Physical activity has been shown to prevent cognitive impairment in older adults. A research study was conducted at the University of Florida and published in the July 25 issue of the Archives of Internal Medicine. The study measured the daily activity levels of older adults and linked that to cognitive performance.
The study found that older adults who expend relatively high amounts of energy in their daily lives are substantially less likely to become cognitively impaired than those who exert less energy. The study states that, “The more energy spent, the lower the likelihood of cognitive impairment. Patients with the highest levels of energy expenditure were 90 percent less likely to become cognitively impaired than those with the lowest levels of expenditure.”
Kirk Erickson, Ph.D., an assistant professor in the department of psychology and the Center of Neural Basis of Cognition at the University of Pittsburgh, conducting studies of his own using imaging technology and found that one year of participation in modest amounts of exercise can reverse Alzheimer’s-related atrophy in parts of the brain involved in memory formation.
Now, the study participants were not specifically lifting weights as part of their physical activity. Their physical activity was more likely daily household tasks, walking around, gardening and just leading an active lifestyle. At Fast Twitch we...
So, I’ve made the argument for weight-lifting before, that it is the best way to look good while not taking up so much of your time that you become an anti-social recluse…but if that’s what you like to be, then recluse away. On the other hand, if you’d like to look and feel good, and, oh, I don’t know, have a life too, then here is an interesting study to attempt to bring you to the light.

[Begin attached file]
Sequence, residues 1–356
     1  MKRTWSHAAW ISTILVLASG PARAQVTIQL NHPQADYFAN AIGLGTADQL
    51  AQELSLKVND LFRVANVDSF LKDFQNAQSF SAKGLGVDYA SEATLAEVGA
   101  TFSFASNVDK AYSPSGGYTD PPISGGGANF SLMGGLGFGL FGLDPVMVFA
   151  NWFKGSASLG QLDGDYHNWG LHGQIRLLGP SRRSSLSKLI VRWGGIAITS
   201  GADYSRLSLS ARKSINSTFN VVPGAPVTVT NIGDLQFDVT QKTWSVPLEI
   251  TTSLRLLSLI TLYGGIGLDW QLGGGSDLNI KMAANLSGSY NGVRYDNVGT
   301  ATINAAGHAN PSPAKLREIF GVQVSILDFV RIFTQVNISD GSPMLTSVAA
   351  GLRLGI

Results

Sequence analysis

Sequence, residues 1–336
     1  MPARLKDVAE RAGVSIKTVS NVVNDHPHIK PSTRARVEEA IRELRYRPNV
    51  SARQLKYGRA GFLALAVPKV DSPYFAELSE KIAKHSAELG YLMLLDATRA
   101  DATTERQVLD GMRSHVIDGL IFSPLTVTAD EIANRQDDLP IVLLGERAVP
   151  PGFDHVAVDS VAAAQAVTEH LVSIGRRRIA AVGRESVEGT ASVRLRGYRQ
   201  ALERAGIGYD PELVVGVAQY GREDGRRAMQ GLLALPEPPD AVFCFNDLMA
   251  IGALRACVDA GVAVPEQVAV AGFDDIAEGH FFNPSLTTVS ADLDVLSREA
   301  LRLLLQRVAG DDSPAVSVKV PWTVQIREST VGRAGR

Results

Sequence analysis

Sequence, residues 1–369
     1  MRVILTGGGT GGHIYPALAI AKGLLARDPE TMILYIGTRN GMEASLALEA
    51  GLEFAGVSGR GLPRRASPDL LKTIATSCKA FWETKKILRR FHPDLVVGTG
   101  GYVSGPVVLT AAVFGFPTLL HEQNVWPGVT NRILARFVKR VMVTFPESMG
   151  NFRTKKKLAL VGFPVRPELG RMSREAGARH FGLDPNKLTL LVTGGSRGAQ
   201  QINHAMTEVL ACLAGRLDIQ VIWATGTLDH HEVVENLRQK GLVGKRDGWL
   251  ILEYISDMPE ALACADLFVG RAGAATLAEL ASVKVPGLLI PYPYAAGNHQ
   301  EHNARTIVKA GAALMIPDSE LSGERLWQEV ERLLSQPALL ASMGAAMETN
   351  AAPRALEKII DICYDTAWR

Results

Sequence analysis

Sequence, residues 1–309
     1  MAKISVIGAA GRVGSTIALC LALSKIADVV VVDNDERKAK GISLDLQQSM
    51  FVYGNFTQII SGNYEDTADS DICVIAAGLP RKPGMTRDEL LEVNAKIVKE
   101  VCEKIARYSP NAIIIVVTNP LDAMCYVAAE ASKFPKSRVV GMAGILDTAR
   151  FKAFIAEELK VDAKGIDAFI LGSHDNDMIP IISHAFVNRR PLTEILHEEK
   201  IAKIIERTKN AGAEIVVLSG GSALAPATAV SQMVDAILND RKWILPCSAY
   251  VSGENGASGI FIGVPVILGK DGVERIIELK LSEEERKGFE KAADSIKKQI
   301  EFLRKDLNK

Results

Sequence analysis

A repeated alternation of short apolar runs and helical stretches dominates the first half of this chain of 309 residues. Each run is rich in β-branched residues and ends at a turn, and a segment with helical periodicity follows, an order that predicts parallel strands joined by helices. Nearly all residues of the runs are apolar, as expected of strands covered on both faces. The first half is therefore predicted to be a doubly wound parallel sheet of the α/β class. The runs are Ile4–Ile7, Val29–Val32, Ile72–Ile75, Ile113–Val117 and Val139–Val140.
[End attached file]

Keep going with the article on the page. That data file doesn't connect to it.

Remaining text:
In the book ‘The New Rules of Lifting’, by Lou Schuler, he talks about a study that was conducted between 1979 and 1997. The study followed 2,000 middle-aged men in the United Kingdom and it looked at their exercise patterns and physical activity. The results of the study were published in the journal ‘Heart’ in 2003 and found, among other things, that those who engaged in light to moderate physical activity (walking, gardening, playing golf, bowling) had no effect on heart disease, death from heart disease, or death from all causes, even if they did up to 90 minutes a day of those activities, they got no measurable protection from heart disease or any other terminal illness.
The ones who did get that protection were those who did “heavy” exercise (climbing stairs, playing vigorous start-stop sports like tennis, hiking, jogging, swimming, serious landscaping work). Also, they only needed to burn as little as 54 calories a day doing that heavy exercise.
If you weigh 150...